By Stephen J. Harris
I have the honour to have in my web site the prestigious contibution of prof. Stephen J. Harris, assistant professor of the University of Massachesetts, and author with Scott Degregorio of the web site http://www.bede.net/umass.html. A page in english, so my site will seems as a conference on Medieval studies, where every speaks in his own one's mother tongue.
Bede, or Baeda in Old English, was born about 672 or 673 A.D. in Northumbria, an Anglian kingdom north of the river Humber. He was probably not of noble birth. At age seven, kinsmen delivered him to the nearby gates of the monastery at Wearmouth, located at the mouth of the river Wear.
When Bede arrived at Wearmouth in about 680, he was introduced to a version of the Benedictine Rule. Benedict Biscop, who had founded the monastery at Wearmouth in 674, established in 681 a monastery nearby at Jarrow at the mouth of the river Tyne. Bede moved there with about twenty monks and continued his service and education under the guidance of Abbot Ceolfrith. At age nineteen, he was ordained a deacon (an office usually reserved for those twenty-five or older), and at thirty, a priest. Bede remained at the twin monasteries of Wearmouth-Jarrow his entire life. He is thought to have left the monastery only twice, once on a trip to Lindisfarne, another time on a trip toYork, but if he made these excursions or others, we have no evidence.
The author of the Life of Ceolfrith writes that in 686, when Bede was about twelve, a plague visited Jarrow and wiped out all the monks except for a young boy and Abbot Ceolfrith. It is possible that the young boy in this account is Bede. Piously, the two survivors trained lay brethren to chant in order that the monastery might continue its sung devotion to God. This piety is characteristic of Bede's life, and is exemplified especially in the story of his death.
Bede's piety is legion. But he was also very well
educated. He learned calligraphy in the scriptorium, grammar, computus, music,
and something of the natural sciences. But he was especially learned about
Scripture. Bede's teacher, T(r)unberht, laid in him a firm foundation of
Biblical and Patristic learning. After his ordination and until he was 59, Bede
produced extensive commentaries on the books of Scripture.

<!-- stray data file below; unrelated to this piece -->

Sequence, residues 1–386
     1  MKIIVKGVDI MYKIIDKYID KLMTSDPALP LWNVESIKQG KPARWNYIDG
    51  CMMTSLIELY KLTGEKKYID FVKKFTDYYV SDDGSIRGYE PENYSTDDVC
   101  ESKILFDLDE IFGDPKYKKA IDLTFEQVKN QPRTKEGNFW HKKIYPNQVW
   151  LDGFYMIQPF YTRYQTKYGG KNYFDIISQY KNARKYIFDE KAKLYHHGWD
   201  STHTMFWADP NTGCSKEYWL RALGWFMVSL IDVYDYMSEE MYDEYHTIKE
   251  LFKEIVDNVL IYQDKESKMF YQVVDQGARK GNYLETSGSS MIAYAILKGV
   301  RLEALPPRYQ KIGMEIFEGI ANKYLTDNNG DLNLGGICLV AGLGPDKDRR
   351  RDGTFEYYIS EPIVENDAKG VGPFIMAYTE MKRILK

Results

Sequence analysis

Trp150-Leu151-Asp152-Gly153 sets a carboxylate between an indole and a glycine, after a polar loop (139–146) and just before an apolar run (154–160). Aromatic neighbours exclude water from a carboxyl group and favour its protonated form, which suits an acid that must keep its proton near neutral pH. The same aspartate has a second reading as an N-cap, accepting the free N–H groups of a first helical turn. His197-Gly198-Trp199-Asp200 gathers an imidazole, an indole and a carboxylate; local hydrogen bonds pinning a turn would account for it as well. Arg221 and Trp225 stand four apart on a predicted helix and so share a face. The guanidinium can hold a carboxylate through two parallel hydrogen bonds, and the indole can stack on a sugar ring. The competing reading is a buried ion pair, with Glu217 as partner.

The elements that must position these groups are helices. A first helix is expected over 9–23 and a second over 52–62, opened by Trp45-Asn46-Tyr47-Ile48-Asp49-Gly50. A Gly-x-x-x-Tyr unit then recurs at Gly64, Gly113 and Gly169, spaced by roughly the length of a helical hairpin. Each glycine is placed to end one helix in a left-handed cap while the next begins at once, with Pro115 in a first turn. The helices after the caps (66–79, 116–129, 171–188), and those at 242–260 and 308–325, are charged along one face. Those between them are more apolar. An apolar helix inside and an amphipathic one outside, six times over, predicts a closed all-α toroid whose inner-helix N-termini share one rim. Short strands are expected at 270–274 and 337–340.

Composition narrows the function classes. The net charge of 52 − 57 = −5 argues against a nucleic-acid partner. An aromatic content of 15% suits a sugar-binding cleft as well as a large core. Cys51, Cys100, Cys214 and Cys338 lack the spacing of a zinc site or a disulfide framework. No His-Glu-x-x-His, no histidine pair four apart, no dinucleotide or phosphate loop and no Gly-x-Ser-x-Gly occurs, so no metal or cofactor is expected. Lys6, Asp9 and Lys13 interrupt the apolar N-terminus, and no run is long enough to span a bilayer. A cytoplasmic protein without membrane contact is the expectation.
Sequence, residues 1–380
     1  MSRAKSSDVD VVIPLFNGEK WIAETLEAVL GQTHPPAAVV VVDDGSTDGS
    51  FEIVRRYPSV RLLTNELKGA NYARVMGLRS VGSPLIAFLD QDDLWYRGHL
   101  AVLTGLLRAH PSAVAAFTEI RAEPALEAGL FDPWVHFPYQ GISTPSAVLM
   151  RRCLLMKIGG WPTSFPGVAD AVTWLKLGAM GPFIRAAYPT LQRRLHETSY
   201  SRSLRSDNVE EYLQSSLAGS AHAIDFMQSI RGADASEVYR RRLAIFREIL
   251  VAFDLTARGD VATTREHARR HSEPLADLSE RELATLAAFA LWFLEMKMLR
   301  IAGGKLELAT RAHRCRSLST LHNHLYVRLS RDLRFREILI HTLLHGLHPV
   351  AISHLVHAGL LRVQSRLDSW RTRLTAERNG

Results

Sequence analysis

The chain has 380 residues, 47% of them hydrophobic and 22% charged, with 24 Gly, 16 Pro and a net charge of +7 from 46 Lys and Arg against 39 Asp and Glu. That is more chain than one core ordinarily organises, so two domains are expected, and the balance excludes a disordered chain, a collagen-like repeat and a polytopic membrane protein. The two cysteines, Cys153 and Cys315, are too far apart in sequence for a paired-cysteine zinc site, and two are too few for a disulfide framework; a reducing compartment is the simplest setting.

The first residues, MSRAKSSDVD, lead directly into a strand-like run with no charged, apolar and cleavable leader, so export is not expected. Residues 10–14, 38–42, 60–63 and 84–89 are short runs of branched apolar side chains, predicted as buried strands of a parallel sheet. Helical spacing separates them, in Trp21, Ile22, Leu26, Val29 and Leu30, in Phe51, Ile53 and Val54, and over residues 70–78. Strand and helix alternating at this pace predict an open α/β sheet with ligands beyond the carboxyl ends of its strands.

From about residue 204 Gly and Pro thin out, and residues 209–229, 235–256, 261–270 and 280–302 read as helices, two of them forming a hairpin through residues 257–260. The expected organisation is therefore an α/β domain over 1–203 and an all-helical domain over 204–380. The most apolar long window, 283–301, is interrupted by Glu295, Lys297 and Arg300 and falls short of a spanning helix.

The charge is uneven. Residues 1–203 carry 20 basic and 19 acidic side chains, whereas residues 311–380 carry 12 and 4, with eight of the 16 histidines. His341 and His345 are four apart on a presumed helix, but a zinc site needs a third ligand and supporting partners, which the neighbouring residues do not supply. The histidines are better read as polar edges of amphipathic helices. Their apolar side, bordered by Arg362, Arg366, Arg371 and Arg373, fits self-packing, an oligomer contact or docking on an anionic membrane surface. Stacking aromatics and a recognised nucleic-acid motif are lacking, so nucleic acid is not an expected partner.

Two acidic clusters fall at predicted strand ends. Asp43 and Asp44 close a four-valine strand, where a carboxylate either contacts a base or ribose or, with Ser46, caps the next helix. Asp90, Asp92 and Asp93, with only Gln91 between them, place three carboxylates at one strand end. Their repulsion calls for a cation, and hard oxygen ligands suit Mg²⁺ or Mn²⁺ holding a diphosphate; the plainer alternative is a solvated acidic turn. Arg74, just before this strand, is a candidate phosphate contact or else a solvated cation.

These circulated locally, and after his death, Bede was recognized internationally for his work. Bede was named a doctor of the Church by Pope Leo XIII in recognition of his work and piety.
Bede also produced two major histories of his age, and has thereby become known as "the father of English history." The History of the Abbots of Wearmouth and Jarrow is an important source for ecclesiastical history, but perhaps his most popular work has been The Ecclesiastical History of the English People. Bede was also a poet and wrote poems in both Old English and Latin. All told, he wrote some sixty books.
During Easter, 735, Bede showed signs of breathlessness. Cuthbert, a deacon and later abbot of Wearmouth and Jarrow, writes in his description of Bede's last days that Bede was cheerful and pious even to the last. On Tuesday, 24 May, 735, Bede fell grievously ill. Nevertheless, he continued giving lessons. He cheerfully reminded his students to learn their lessons quickly since he might not be there long.
On Wednesday, Bede taught until nine in the morning. He then dictated part of a book he was translating until three in the afternoon, at which point he called to have the priests of the monastery come and recieve from him his few possessions. In the evening, which was 26 May (since the day, according to Genesis, is comprised of the evening and the day) and Ascension Day, Bede died. His feast day, once celebrated on 27 May, is now celebrated by the Roman Church on 25 May.
Brown, George Hardin. Bede the Venerable. Boston: Twayne, 1987.
Hunter Blair, Peter. The World of Bede. (1970) Cambridge University Press, 1990.
Ward, Benedicta. The Venerable Bede. Harrisburg, PA: Morehouse, 1990.
Stephen J. Harris
Department of English
University of Massachusetts
Amherst, MA 01003
413-545-6598 (fax 413-545-3880)
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